Influenza linked to long-term increased risk of Parkinson’s disease

The influenza infection is linked to a subsequent diagnosis of Parkinson’s disease (PD) more than 10 years later, resurfacing a long-standing debate about whether the infection increases the risk of long-term movement disorders. term.

In a large case-control study, investigators found that the odds of PD were about 90% high for PD occurring more than 15 years after influenza infection and over 70% for PD occurring over 10 years. years after the flu.

Dr Noëlle Cocoros

“This study is by no means definitive, but it certainly suggests that there are potential long-term consequences of influenza,” study investigator Noelle M. Cocoros, DSc, MPH, researcher at Harvard Pilgrim Health Care Institute and at Harvard Medical School, Boston, Massachusetts, said Medscape Medical News.

The study was published online on October 25 in JAMA Neurology.

Ongoing debate

The debate over whether the flu is associated with PD dates back to the 1918 influenza pandemic, when experts documented parkinsonism in those affected.

Using data from the Danish Patient Registry, researchers identified 10,271 subjects diagnosed with PD over a 17-year period 2000-2016. Among them, 38.7% were women and the average age was 71.4 years.

They matched these subjects for age and sex to 51,355 controls without PD. Compared to controls, slightly fewer people with PD had chronic obstructive pulmonary disease (COPD) or emphysema, but there was a similar distribution of cardiovascular disease and various other conditions.

The researchers collected data on influenza diagnoses in inpatient and outpatient clinics from 1977 to 2016. They plotted them by month and year on a graph, calculated the median number of diagnoses per month, and identified the peaks as those with more than three times the median.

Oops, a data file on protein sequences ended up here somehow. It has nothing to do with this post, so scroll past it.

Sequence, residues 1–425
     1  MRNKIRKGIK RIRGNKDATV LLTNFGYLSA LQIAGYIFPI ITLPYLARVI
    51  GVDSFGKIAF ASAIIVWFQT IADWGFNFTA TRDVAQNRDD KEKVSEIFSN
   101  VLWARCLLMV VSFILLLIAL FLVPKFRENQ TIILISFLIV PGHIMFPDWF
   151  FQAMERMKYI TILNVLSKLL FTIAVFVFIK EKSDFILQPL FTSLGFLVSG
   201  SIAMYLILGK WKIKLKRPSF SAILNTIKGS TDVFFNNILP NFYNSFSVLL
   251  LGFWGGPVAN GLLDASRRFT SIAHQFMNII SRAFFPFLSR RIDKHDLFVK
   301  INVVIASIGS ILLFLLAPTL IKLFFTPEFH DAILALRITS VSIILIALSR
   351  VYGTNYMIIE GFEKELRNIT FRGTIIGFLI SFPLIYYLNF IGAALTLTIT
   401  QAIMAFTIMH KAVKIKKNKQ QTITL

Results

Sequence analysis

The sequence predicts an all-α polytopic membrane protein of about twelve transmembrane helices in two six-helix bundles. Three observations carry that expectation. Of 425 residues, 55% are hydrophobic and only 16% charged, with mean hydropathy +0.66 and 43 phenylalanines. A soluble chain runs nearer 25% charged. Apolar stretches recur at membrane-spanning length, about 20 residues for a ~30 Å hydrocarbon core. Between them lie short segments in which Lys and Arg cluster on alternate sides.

They classified the cases into groups related to the time between infection and PD: over 10 years, 10-15 years and over 15 years.

The lapse of time explains quite a long “preparation” towards PD, Cocoros said. There is sometimes a preclinical phase of several decades before patients develop typical motor signs and a prodromal phase where they may present with non-motor symptoms such as sleep disturbances and constipation.

“We expected there would be at least 10 years between any infection and PD if there was an association present,” Cocoros said.

Investigators found an association between exposure to influenza and the diagnosis of PD “that lasted over time,” she said.

For more than 10 years before PD, the likelihood of a diagnosis for those infected versus unexposed was increased by 73% (odds ratio [OR] 1.73; 95% CI, 1.11 – 2.71; P = 0.02) after adjusting for cardiovascular disease, diabetes, chronic obstructive pulmonary disease, emphysema, lung cancer, Crohn’s disease and ulcerative colitis.

The odds increased with the time since infection. For more than 15 years, the adjusted OR was 1.91 (95% CI: 1.14 – 3.19; P = .01).

However, for the 10 to 15 year period, the point estimate was reduced and the CI not significant (OR, 1.33; 95% CI, 0.54 – 3.27; P = 0.53). This “is a bit difficult to interpret,” but could be the result of the small numbers, misclassification of exposure, or because “the longer time interval is what is significant,” Cocoros said. .

Potential increase in PD linked to COVID?

In a sensitivity analysis, the researchers looked at peak infection activity. “We wanted to increase the likelihood that these diagnoses represent an actual infection,” noted Cocoros.